Bloomingdale's is attaching chunky plastic tags to some dresses to fight "wardrobing"--the practice of wearing an item once and then returning it.» Read More
These days with folks posting their every move on social networking Web sites such as Facebook and Twitter, it's hard to know where the lines of privacy are drawn.
With so many folks paying their bills online, or electronically through an automatic checking account deduction, it's hard to imagine that a good slice of consumers are still paying some of their bills in person.
As folks try to use the back-to-school shopping season as a barometer for the Christmas holiday season , one analyst, who was pretty sharp with his forecast for the 2008 holidays, has issued his preliminary read for the 2009 season.
Retailers are showing more signs of stabilization as the back-to-school season enters its final weeks, and that's going to be good news for profits in the sector.
The government's "Cash for Clunkers" program has shown that consumers are willing to bite at a good deal. And what's a better deal than trading in old, unwanted items to get a discount on a replacement?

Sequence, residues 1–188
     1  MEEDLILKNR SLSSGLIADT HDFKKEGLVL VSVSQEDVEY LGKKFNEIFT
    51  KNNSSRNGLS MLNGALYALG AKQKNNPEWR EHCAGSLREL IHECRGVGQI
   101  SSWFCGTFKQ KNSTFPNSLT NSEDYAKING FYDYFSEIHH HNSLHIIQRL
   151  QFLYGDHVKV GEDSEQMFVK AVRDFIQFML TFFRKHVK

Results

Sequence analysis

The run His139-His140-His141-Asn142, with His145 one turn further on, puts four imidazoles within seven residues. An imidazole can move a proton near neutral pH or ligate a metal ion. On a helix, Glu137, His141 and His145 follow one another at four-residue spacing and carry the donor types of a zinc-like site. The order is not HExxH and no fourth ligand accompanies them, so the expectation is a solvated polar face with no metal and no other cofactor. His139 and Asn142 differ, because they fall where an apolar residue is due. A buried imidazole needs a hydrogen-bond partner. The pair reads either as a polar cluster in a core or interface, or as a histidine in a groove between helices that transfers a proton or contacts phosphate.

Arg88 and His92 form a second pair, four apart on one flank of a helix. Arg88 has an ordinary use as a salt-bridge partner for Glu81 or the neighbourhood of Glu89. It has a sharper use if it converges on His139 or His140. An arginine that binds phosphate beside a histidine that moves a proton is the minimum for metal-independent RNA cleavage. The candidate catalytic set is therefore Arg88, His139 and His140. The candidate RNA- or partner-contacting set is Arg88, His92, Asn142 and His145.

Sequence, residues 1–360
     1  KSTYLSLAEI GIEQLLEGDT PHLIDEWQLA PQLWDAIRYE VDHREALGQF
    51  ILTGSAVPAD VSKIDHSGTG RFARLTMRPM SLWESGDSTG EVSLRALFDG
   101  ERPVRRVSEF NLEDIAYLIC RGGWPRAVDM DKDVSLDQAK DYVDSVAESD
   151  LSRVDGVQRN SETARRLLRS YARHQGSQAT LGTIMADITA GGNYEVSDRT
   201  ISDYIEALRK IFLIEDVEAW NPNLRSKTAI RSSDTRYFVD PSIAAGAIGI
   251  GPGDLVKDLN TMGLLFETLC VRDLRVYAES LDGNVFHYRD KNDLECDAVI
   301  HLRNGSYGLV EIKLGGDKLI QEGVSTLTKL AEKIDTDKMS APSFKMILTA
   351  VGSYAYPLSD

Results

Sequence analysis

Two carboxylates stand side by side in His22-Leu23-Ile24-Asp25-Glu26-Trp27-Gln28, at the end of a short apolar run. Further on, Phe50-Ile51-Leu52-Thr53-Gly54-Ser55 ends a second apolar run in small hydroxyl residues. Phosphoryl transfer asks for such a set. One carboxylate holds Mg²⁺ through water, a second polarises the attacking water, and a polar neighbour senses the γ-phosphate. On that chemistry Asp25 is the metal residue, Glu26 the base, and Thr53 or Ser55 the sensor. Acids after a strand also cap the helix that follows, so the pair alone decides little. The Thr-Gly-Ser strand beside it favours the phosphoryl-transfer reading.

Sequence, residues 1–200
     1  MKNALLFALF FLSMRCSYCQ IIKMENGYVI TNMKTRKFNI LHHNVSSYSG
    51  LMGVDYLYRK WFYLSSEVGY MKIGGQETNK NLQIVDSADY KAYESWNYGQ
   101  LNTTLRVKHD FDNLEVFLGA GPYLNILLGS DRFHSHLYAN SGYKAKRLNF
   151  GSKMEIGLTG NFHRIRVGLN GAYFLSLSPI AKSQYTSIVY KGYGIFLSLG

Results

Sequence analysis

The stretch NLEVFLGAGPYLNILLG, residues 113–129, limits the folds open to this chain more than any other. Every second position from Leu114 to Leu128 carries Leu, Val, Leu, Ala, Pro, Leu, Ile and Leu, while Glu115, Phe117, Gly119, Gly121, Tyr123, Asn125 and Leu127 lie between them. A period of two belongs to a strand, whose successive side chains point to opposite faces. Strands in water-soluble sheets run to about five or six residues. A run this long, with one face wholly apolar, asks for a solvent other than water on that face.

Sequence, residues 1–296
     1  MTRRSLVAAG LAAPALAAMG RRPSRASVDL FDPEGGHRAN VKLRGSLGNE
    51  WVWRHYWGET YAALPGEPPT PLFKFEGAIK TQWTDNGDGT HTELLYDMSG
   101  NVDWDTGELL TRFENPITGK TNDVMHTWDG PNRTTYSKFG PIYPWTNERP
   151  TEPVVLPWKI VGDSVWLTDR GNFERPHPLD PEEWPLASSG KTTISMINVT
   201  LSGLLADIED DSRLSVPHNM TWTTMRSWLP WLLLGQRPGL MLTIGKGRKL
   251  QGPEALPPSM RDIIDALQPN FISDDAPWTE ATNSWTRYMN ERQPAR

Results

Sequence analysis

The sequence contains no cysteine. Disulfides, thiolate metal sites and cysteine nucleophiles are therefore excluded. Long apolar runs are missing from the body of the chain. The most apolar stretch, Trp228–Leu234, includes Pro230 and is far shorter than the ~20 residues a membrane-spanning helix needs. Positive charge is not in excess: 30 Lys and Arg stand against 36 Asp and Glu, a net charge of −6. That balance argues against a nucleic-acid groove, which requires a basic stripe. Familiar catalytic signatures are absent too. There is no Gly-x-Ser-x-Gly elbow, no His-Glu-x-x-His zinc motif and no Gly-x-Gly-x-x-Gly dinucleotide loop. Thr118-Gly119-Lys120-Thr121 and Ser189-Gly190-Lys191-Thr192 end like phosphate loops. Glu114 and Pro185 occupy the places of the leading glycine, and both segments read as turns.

Christina Cheddar Berk is editor of CNBC.com's Consumer Nation and chief trend spotter.
Courtney Reagan is CNBC's Retail Reporter.
Tom is a Senior Editor and Assignment Desk Manager for CNBC TV. He also writes about the business of beer for CNBC.com.
Stephanie Landsman is one of the producers of "Fast Money."
Coordinating Producer, Squawk on the Street & Squawk Alley
Rebecca and Uri Minkoff sparked renewed conversation over the role of New York Fashion Week.
U.S. consumer spending appeared to regain momentum, in a hopeful sign that economic growth was picking up after slowing to a crawl at the end of 2015.
Designers are pushing back against the traditional fashion week calendar. But experts say that change wouldn't fix everything.